Brilliance Licensed to Phoenix Medical Systems
We are happy to announce that we have signed an unprecedented licensing agreement with Chennai, India-based Phoenix Medical Systems for the manufacturing and distribution of Brilliance! This deal marks the first time that an American nonprofit will receive licensing fees and royalties for its technology from an Indian for-profit company in the healthcare industry. With this process complete, we are one step further towards the goal of our Neonatal Jaundice Initiative—ending morbidity and mortality related to newborn jaundice.
Together, D-Rev and Phoenix have agreed to cap Brilliance’s price tag at $400 per device so that it remains affordable in emerging and undercapitalized markets. Although Brilliance is low-cost, laboratory trials conducted at Stanford Medical School have shown that the device outperforms comparable Western devices that cost upwards of $3,000. Phoenix will manufacture, distribute and sell Brilliance exclusively in India and non-exclusively in much of the rest of the world.
It is generally held that a purely for-profit company can’t viably serve poor patients in developing countries, while the more common donation or subsidy model often results in a product that few people use. In combining both business models, our partnership ensures that a life-saving medical product gets to the hospitals where it is most needed. The D-Rev—Phoenix licensing agreement is structured to incentivize sales to public hospitals in India and low-income countries.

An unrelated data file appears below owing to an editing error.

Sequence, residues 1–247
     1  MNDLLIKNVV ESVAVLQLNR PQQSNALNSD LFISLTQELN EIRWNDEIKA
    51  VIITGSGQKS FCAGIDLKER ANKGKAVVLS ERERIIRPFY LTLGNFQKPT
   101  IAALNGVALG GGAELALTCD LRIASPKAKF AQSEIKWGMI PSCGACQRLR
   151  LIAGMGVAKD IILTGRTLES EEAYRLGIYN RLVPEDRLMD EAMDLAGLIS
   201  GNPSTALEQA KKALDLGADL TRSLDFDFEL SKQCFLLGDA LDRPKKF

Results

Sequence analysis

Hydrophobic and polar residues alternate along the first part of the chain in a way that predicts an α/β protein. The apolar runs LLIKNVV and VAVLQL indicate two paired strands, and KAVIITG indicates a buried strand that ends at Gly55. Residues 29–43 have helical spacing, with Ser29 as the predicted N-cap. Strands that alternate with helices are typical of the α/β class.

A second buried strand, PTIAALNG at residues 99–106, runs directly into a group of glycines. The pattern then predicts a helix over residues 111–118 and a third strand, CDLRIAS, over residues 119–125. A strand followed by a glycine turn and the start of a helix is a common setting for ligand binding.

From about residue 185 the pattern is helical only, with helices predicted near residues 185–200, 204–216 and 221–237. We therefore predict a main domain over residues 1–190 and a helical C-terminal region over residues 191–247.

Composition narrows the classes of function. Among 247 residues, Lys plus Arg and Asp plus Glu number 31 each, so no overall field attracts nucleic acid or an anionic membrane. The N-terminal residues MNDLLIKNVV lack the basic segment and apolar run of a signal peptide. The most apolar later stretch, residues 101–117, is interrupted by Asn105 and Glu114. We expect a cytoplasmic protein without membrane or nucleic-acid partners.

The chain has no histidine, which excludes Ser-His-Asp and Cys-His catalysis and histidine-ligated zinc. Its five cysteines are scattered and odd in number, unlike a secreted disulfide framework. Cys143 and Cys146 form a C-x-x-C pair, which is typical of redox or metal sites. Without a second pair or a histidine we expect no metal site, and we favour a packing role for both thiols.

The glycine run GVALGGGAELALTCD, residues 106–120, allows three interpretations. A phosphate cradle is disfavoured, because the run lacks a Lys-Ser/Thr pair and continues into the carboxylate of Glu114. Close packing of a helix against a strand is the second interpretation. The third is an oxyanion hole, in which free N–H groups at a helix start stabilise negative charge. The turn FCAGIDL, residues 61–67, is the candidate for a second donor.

“Our partnership with D-Rev represents innovation not only in the medical device field, but in bridging continents and sectors,” V. Sashi Kumar, the managing director of Phoenix, expressed. “Our organizations are highly complementary in that we can leverage our individual strengths and collective networks to ensure that no child is at risk of death or disability from an easily treatable condition.”
Every year, at least 12 million newborns worldwide require phototherapy to treat severe jaundice, a condition caused by neonatal hyperbilirubinemia. More than 5 million children per year do not receive the treatment they need, in large part due to a lack of affordable, effective treatment devices. With the help of our partners, including the Stanford School of Medicine, the Hasso-Plattner Institute of Design at Stanford University, the Mulago Foundation, the National Collegiate Inventors and Innovators Alliance, our awesome volunteers, and the hard-working fellows at Eastwick, we can begin reversing those trends and saving lives.
Update: Click here to read coverage of the deal in Fast Company.